Employers Can Screen Applicants More Efficiently, Develop New HiresNEW YORK (AdAge.com) -- Finding talent is a continuing challenge for marketing-services agencies. But a recent rise of online outlets are democratizing talent, letting creative types share and shop around their work to potential employers. Such sites may alleviate some of the pressures for both agencies and job seekers.
NuIdeaExchange, which launched in February 2008, enables agencies and marketers to submit their requests for proposals and then review submissions. On the flip side, media, account-planning and strategy, creative, production or technology specialists can submit their own creations on the site for marketers or agencies to purchase.
The site has already garnered more than 400 registered creative groups, encompassing "a combination of agencies, freelancers and traditional-minded to new-media-oriented talents," said President Dave Evans. The site gives the creative community a chance to show its work to a large audience, he said. On the agency side, NuIdeaExchange enables agencies to keep all of the work in-house without having to share portions of an assignment it may not be able to handle with other agencies.
Nothing to lose
Martin Schell, president-CEO of New Phase Communications, an Oklahoma City-based phone company, is planning to launch his company within the next 60 days. He issued a request for information on NuIdeaExchange six weeks ago seeking a company logo. Mr. Schell said he has received a couple of proposals and is deciding which one to choose.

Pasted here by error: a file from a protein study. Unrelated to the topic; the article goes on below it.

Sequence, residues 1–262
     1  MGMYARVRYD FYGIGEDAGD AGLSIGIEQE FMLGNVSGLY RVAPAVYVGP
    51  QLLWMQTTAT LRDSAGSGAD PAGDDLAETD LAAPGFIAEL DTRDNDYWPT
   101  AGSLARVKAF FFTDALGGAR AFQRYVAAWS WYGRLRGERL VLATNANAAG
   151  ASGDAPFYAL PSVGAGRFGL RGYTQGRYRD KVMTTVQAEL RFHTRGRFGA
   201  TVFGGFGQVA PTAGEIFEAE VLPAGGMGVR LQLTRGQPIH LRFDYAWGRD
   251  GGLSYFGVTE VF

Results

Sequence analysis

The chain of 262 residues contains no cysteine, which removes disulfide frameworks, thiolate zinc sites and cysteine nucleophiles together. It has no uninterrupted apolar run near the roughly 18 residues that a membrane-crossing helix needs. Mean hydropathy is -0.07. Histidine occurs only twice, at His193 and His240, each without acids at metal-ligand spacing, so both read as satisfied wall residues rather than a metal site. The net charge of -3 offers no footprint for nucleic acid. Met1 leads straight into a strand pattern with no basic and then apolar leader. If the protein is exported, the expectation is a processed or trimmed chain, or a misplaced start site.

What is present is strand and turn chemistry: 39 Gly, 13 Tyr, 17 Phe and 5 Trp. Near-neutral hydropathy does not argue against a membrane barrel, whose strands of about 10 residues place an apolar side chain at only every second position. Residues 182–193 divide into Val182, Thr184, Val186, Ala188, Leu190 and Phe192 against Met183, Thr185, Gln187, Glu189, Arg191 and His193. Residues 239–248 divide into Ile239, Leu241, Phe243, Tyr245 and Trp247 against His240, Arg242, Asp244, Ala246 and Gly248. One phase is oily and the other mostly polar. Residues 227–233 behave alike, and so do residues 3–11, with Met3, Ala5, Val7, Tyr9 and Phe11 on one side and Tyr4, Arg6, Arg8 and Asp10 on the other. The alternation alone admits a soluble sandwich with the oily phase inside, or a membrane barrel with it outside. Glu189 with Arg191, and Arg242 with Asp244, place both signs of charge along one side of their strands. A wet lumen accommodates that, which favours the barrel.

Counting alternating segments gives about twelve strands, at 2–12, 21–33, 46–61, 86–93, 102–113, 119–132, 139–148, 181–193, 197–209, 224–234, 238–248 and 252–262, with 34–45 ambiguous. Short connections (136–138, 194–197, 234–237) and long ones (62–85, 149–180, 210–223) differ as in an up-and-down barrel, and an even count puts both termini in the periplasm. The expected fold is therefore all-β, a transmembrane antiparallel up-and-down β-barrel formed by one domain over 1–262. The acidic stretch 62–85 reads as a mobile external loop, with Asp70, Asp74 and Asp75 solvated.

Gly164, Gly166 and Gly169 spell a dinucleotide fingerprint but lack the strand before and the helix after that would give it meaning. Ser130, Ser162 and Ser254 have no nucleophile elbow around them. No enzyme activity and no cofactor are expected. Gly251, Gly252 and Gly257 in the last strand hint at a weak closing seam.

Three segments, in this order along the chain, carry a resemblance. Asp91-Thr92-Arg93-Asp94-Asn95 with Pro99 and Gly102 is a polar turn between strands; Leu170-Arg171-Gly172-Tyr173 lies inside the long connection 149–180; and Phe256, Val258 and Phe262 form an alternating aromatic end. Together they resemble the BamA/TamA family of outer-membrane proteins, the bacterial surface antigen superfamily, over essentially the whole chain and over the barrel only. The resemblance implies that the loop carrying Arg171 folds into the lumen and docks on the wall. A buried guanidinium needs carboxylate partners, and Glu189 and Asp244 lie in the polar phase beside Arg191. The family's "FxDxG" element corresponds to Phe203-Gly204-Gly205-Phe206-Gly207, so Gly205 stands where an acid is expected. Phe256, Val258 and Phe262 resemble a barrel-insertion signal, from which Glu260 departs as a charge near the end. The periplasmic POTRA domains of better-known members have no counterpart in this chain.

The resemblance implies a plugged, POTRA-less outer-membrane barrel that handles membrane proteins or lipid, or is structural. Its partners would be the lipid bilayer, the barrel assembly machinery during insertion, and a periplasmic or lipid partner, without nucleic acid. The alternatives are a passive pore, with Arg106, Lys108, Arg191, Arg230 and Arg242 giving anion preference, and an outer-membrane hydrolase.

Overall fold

"The quality of the work was pretty good," he said. "Both of them are pretty promising. Next step is to decide who I want to go with."
Marshall Lestz, a freelance copywriter, plans to use the site. "For a freelancer who is between jobs, this is a great, easy way to see what's out there and potentially land some work," he said. "You have nothing to lose, especially if you're between jobs or after you have called all of your contacts, because you can only call people so many times before you start to annoy them. Even if you're not chosen, you're still going to be able to make a good contact because you're displaying your abilities to a prospective client down the road."
Anand Chopra-McGowan, partner at YouIntern.com, a site that connects aspiring interns with agencies, said given agencies' struggle to find talent, many view intern programs as a way to develop new hires.
"Programs like this allow us to be a college recruiter for agencies who don't already have one," he said.
On the site, interns can post reviews about their experiences at past internships that other students can learn from, and agencies can post internship openings. Arnold Worldwide asked YouIntern.com to find four potential candidates for its summer intern program this year. The agency hired two interns who began the eight-week program last week, said Maurice Haynes, VP-director of worklife, Arnold.
"If you equate time with money, then there definitely is a cost-savings involved," Mr. Haynes said. "It's nice to have someone pre-screen applicants that would be a good fit for the company."
Mr. Chopra-McGowan said identifying the right intern can help eliminate one of the biggest issues in the ad industry: a high turnover rate.
"If they're a good fit for the company, they can move on and make them a longer-term offer," he said. "And chances are that person will stay with the company longer."
So what's the downside to these online talent clearinghouses? "If you don't know what you want and haven't been through the process before, it can be a little tough,"
Mr. Schell said. "The instructions say, 'Tell us what you want,' but there's not a lot of coaching to pull it out of you."
Added Mr. Evans, "I have spoken to holding companies who said this could be a big help to them. The only fear on their side is the dynamics of what it means to the industry," he said. "Some of them are saying they want to talk to us but they are fearful of the fact of how this is going to impact them as an agency. But they have said it's probably better for us to engage in it and work with it vs. trying to fight it."